Quarter 3: The Lowpoint
A few weeks before the 4th of July, work led me out to the hill country to teach a lifeguarding class for upwards of 40 students. I went along with three co-workers. The week before we would teach, we had our own learning to do, as we completed a high ropes training class. This class went great and I was excited about new knowledge and the opportunity to apply it.
The first couple days of class went great, with the four of us as instructors presiding over about 10 students at a time during skills practice. Then we received word that the four of us were not supposed to be teaching every day of class together. Hours needed to be managed and each of us should be taking at least one day during the class. This was news to all of us, and without getting into too much detail, it didn’t sit too well.
This description may not serve to fully convey the emotional toll of the situation, but it was not the first time that instructions had been unclear and undue tongue-lashings had been doled out as a result. I went from very excited about my future with that company to very much questioning my role and commitment within a few days.
Then my parents came to visit. We had an excellent time showing them Austin and attending Willie Nelson’s Picnic on the 4th of July, where we saw Willie and Family, Jamey Johnson, Sheryl Crow, Turnpike Troubadours, and a variety of equally talented and entertaining musicians. My mom had to fly home and my dad would be driving their RV back to Tahoe. This gave he and I one last night to catch up.
In the RV, we talked of their life back at home, my brother’s progress as a musician in Austin, the completion of the Run Across America, and various other topics. I vented some minor frustrations about work, but then he simply asked me, “Are you happy here?” And for the first time in a while, I realized that I couldn’t, truthfully, answer, Yes.
I cried. We talked more, trying to pinpoint the source of my uncertainty. I felt that something had to give, but I was scared to make something happen. I felt that I was doing good work for good people, but I was still unhealthy and unhappy.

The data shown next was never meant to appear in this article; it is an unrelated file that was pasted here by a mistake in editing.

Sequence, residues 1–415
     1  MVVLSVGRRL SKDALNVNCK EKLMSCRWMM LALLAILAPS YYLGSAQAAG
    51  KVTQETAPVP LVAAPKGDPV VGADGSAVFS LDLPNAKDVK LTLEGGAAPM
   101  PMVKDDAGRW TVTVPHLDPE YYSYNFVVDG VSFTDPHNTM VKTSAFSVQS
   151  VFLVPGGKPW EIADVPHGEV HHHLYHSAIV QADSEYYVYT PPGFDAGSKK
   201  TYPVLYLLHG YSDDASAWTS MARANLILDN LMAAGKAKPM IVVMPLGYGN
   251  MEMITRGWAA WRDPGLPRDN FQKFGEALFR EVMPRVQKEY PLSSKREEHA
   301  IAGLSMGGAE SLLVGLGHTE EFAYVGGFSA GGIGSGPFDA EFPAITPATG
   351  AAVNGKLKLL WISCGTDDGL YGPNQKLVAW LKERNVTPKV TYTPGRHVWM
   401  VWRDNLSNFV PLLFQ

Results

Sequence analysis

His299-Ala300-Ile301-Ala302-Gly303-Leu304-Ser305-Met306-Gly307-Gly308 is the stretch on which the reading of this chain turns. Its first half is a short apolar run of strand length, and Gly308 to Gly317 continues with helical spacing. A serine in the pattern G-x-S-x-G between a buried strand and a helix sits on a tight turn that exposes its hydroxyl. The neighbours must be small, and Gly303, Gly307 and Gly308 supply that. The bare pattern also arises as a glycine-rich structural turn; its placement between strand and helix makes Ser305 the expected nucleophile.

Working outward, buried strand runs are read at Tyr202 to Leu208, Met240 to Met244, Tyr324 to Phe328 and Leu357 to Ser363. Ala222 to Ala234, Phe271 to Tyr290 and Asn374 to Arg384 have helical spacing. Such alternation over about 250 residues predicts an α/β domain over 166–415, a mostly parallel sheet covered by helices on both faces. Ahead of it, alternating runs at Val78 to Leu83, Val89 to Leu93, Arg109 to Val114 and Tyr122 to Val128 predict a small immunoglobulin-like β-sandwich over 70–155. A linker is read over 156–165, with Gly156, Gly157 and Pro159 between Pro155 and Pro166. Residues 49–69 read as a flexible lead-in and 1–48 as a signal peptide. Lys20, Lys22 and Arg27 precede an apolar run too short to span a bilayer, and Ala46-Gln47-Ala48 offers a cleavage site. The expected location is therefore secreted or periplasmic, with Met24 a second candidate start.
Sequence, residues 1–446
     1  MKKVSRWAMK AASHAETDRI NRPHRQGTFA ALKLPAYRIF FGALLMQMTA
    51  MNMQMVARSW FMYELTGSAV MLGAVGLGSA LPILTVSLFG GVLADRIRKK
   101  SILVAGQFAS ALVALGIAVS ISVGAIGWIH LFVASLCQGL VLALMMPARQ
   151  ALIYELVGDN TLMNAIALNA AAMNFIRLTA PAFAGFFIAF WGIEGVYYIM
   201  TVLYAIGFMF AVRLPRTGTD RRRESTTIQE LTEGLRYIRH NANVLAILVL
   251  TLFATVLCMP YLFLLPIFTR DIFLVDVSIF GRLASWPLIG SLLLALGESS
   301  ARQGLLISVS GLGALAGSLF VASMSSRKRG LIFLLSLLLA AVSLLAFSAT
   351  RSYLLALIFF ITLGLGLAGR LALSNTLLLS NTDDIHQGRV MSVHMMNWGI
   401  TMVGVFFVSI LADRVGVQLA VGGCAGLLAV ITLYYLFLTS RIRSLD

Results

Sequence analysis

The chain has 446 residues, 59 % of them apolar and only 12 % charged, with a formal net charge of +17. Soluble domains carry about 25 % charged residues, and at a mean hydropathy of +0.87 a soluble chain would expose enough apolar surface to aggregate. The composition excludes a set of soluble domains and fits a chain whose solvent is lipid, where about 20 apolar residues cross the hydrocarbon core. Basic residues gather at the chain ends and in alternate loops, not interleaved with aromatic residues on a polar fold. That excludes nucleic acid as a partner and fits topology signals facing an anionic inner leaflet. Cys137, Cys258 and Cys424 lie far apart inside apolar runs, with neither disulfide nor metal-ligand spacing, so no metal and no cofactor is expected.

Quarter 4: A Decision for ME!
That talk with my father gave me the confidence I needed to make a change. I’m forever grateful that, for many years, the last thing my father would say to me as I left the house in the morning was, “Have fun!” After all, if we’re not having fun and enjoying our time in this life, what is it worth?
After stirring on that conversation for a few more weeks, I decided it was time for a major shift. I decided to leave my job in Austin. I decided to leave my brother and our Husky, Zeke. I decided that Austin was no longer serving me and that, in my current state, I was no longer serving Austin. I decided to move back to Truckee, CA, my home, and to take a guide job with an adventure company there.
Once the decision was made, things didn’t automatically brighten up. There were several tough conversations with my boss and coworkers. There was still this feeling that I was operating as a very small version of the man I’d hoped to be. But gradually, things began to shift. I started to get excited about seeing and adventuring with old friends in Truckee.
And, perhaps most importantly, I found a woman who (at the time I had no idea of this) would become my girlfriend and who shares in many of my dreams and many of my passions and who I honestly believe makes me a much better version of myself than I am without her.